He was gone, dead, but I had to meet him. I decided to go to the U.S.A. And very soon, the universe conspired to help me, just as the same universe had fully succeeded in destroying my previous life set. Ele Juarez, a TV producer I met in an airplane, offered to help me. Lucia Loureiro, one of my Portuguese students, gave me contacts in Boulder of her friends Duncan, Anne Waldman and David Amram, and finally the Shambhala Mountain Center decided to open the first ever program about the life of Chogyam Trungpa Rinpoche exactly in the dates I was planning to travel. I applied online to that one and arrived in Denver on 21st of August 2004.
Boulder was balm to my soul. Marpa House felt like the Refuge on earth for me. I spent hours studying documents and seeing movies of the Naropa University Archives. When I left the library – after sitting there nonstop during seven hours – a danish man at the desk gave to me three manuals about Dharma Art. He told me:
“Take these, nobody ever reads them.”
And my heart grew stronger. I was on the right path. I dreamt of Chogyi talking to me with that thin voice of his.
I think that I got very close to a kind of genuine madness but that felt OK. The program, “Crazy Wisdom” was fantastic, mostly because we were only 14 people there, and half of those people used to be close students of Chogyam Trungpa during his time in U.S.A. I met Sam Bercholz and I made him dance during a ritual feast in the great Stupa. These unknown people, the old buddies of the old sangha felt like family to me, as if I was finally swimming in my own element. I met Barbara Dilley and Lee Worley had a real strong impact on my mind after the first session of Maitri Space Awareness with her in Naropa University. I met many extraordinary people in Colorado including Ray Ramirez from the Native American Rights Fund. Ray used to drive me to the mountains where we would mostly sit and not talk.
As I said, I was in a fever. I was obsessed by Trungpa Rinpoche and by Dharma Art, crying every day because He was gone, He was not alive any more even though He was present. I started to have intuitions; geometric forms appeared in my mind. Actually, I suddenly understood how to teach and how to create the Danza Duende Network thanks to geometric visions. I heard voices saying:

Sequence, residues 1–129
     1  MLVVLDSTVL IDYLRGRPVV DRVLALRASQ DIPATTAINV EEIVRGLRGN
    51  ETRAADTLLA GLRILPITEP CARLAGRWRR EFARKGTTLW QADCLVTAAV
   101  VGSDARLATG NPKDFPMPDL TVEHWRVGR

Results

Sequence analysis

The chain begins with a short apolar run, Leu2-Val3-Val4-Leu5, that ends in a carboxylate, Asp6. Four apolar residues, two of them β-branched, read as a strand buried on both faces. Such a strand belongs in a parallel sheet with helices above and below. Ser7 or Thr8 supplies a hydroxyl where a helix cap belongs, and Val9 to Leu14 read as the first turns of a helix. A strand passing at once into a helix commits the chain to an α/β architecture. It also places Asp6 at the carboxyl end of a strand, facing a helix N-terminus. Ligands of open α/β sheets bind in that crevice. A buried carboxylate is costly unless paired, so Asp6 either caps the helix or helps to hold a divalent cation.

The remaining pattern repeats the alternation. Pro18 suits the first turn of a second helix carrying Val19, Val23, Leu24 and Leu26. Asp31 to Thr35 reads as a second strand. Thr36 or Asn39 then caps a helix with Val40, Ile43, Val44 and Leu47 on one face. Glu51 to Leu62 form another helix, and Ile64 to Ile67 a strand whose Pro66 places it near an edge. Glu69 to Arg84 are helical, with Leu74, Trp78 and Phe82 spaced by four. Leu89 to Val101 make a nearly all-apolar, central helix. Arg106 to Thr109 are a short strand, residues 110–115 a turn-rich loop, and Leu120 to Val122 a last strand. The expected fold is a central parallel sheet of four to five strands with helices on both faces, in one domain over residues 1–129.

No Date, No Death,
Shoot the Shadows.
Before I travelled to USA, I bought in May 2004 the return flight passing by New York where I decided to remain for 3 days for no specific reason. I had no relatives there, almost no money at all, no place to stay and no idea why I should go to New York. That return journey was scheduled in advance from 20th to the 23rd of September 2004. Later, these dates made a lot of sense but when I reserved them it was in a state of not knowing.
The last days before leaving Marpa House, Walter Fordham was there. He was gathering testimonies about the life of Chogyam Trungpa for the creation of the Chronicle Project. I used to ask him to talk as much as possible about Trungpa Rinpoche for hours. It was difficult for me to get the Dharma Art teachings because at the time, nobody was even mentioning them. Nobody really knew, what the hell was Dharma Art? Naropa University was evolving in a different direction and I felt that I needed an initiation, an abhisheka. So, Walter Fordham told me:
– Go to New York and meet Jack Niland.
– Well, I must pass by New York actually.
– I told Jack Niland about you, he holds the lineage of Dharma Art, he is the one. You must meet him. He is nuts, but he has a great heart.
I called Jack from Boulder. He was really very nervous on the phone. He wanted so much to meet me that I got scared. He told me catch a cab and drive to the apartment of Kilian Ganly, a friend of his. I could spend three days there in a cute tiny room decorated with Mexican fabrics.